‘Squid Game’: Seong Gi-hun’s Voice Actor Reveals the Surprising Scene He Found Most Challenging

Seong Gi-hun (Lee Jung-jae), Player 456 in the Netflix series Squid Game, is voiced by actor Greg Chun. For a series about fighting to survive, Chun says one of his most challenging scenes didn’t involve any of the deadly children’s games played in Squid Game. Find out which scene exhausted the voice actor. Plus, the moments from the show he found most difficult to record.

Actor Lee Jung-jae standing in line in 'Squid Game' Season 1
Actor Lee Jung-jae from ‘Squid Game’ | Youngkyu Park/Netflix

‘Squid Game’ gambling scenes was exhausting for voice actor Greg Chun

In an interview with Slate, Chun talked about his voice acting experience, which includes video games like Call of Duty. “[Voice acting] takes it out of you,” says Chun. Part of playing a role in Call of Duty requires shouting and mimicking death in “20 different ways.” 

“All of them are excruciating,” says the voice actor. “You have to be lit on fire, you have to be electrocuted, you have to have your arm blown off.” 

That experience lent itself to the voice acting required in Squid Game. But ironically, those weren’t the most exhausting scenes for Chun. “I think the most vocally stressful thing I had to do for Squid Game was the horse racing scenes,” he says.

In the series, Gi-hun’s gambling addiction often gets the better of him, and is the reason he enters into the Squid Game competition. “That got me more tired and thrashed than any of the other stuff that was going on,” Chun adds. “I screamed myself raw for those.” 

Live-action dubbing is ‘really hard’ according to ‘Squid Game’ voice actor

Squid Game quickly became one of the most viral Netflix shows. To date, the series is available with subtitles in 31 languages and live-action dubs in another 13 to make it accessible for many people.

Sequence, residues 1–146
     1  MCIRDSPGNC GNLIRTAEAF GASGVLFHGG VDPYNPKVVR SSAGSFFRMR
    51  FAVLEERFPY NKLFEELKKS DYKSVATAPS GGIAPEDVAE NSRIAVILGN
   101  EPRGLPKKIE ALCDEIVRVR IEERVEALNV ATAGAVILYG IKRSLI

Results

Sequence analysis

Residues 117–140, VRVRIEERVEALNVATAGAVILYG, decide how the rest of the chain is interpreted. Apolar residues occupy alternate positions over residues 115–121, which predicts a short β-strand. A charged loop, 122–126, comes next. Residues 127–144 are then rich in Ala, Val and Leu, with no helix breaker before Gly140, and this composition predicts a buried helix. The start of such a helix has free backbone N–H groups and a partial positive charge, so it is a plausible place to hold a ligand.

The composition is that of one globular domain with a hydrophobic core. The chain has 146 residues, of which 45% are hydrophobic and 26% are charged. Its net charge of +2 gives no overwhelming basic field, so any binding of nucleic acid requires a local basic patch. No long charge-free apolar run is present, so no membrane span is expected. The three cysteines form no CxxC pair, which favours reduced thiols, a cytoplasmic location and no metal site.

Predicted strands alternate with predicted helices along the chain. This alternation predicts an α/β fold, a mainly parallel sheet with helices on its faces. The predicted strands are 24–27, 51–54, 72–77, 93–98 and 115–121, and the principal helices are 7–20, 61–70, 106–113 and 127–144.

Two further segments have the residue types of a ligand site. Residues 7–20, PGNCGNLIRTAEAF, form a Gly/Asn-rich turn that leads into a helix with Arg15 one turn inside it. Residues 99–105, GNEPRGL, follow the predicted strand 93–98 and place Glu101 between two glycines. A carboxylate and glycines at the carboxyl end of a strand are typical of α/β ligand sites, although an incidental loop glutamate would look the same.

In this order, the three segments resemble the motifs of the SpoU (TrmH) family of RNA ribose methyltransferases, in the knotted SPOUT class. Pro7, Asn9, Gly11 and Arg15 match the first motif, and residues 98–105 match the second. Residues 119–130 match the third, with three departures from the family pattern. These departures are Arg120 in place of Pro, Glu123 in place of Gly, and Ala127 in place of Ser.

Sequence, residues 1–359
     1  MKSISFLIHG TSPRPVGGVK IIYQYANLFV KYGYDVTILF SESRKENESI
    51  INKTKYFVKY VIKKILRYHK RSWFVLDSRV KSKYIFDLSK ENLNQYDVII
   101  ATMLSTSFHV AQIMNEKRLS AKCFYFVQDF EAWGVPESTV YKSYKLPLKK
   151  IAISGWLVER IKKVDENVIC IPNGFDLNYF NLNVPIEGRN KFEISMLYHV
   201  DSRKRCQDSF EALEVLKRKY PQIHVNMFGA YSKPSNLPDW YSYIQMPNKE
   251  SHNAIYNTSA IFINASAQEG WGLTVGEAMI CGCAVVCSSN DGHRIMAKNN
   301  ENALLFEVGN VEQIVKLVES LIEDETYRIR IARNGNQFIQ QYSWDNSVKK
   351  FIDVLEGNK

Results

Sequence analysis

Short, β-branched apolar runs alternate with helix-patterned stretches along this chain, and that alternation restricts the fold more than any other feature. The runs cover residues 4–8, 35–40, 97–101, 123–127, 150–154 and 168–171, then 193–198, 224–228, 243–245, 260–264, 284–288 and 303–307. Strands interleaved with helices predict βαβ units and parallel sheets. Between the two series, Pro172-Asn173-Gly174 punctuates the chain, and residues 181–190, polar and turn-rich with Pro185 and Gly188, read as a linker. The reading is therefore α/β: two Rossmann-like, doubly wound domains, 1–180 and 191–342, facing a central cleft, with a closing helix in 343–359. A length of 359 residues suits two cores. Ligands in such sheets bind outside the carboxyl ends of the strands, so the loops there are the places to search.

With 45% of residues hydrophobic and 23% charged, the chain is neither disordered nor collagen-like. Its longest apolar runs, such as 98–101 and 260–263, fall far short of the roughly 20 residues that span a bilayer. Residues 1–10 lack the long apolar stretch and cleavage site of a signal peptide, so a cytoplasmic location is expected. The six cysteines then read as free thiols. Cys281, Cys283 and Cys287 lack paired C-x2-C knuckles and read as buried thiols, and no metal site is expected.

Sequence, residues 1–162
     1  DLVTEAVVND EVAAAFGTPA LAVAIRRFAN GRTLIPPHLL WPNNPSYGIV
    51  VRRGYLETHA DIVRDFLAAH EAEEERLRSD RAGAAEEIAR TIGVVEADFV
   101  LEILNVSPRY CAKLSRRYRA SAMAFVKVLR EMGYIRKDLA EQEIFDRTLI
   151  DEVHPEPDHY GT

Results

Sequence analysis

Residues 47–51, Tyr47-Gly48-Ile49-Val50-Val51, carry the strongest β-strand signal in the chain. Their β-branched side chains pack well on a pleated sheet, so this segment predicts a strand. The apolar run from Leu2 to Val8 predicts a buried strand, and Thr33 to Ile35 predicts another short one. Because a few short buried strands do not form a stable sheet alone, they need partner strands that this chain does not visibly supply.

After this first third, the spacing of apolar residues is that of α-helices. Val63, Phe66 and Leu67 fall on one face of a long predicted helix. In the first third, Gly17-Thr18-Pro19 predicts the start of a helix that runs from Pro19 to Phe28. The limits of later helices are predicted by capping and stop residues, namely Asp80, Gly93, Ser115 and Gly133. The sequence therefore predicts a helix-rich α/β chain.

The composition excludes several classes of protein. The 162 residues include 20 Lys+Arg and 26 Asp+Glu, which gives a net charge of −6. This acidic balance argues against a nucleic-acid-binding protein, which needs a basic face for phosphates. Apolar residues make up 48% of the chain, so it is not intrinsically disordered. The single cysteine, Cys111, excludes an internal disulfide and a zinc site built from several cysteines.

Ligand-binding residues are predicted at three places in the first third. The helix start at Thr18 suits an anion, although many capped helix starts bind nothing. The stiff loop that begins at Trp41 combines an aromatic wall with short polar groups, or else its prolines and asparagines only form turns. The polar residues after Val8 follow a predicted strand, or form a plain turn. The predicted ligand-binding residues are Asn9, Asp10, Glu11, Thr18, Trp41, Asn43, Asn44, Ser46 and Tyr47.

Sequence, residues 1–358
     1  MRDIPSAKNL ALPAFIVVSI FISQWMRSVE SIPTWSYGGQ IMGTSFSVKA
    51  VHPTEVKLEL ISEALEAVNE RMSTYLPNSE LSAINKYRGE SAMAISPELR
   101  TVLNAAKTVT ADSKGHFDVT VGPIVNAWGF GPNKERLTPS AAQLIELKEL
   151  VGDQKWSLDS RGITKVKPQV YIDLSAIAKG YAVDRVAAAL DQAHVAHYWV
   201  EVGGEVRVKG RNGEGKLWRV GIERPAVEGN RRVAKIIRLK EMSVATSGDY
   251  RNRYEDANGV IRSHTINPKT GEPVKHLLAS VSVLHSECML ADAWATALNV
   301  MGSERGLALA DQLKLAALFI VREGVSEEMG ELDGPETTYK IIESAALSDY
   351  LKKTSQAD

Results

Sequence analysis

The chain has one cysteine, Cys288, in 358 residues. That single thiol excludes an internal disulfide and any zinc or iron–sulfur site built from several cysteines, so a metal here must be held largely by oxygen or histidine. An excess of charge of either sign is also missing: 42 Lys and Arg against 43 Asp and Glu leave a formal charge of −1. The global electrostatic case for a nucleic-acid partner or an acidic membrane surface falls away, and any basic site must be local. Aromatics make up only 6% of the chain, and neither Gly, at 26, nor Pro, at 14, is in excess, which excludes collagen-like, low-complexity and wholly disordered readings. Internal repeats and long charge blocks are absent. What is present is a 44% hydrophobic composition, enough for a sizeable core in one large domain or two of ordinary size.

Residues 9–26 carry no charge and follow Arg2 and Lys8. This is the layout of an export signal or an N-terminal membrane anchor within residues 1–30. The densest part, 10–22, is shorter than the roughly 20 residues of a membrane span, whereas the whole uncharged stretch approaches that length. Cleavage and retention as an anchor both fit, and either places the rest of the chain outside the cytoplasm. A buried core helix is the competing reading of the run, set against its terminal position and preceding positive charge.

While there has been some controversy surrounding the live-action dubbing of Squid Game, Chun admits how challenging it must have been to translate a nuanced language like Korean. What’s more, Chun says live-action dubbing is much more complex than anime, which is “more forgiving because the detail of the mouth movements and the facial expressions are not really much of an issue.” 

Two workers in pink jumpsuits stand beside the 'Squid Game' doll in episode 1.
‘Squid Game’ Episode 1 | Netflix

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With the live-action dubbing in Squid GameChun had to voice a living, breathing actor. “You can see every little tick of their eyebrow, every…slight grin, frown, grimace,” he says. “You’re trying to match all of that vocally; there’s a lot to do and pay attention to.” Matching his vocal performance to that of Lee’s was one of the most challenging parts of working on the Netflix series. 

‘Squid Game’ presented other challenges for voice actor Greg Chun 

Chun also mentions a few other challenges he ran into playing Gi-hun in Squid Game. “Sometimes you may just be talking really fast and the script is scrolling by you on the screen, and you’re trying to keep up with all the words,” he explains. 

Other times, Chun was challenged by lines containing minimal words. “When you have fewer words to work with, there’s nothing to hide behind,” he explains. “If you have to say I love you…you have to make that moment real. Which can be harder than a scene where you’re screaming and crying and there’s all sorts of noise.”

Stream all nine episodes of Squid Game on Netflix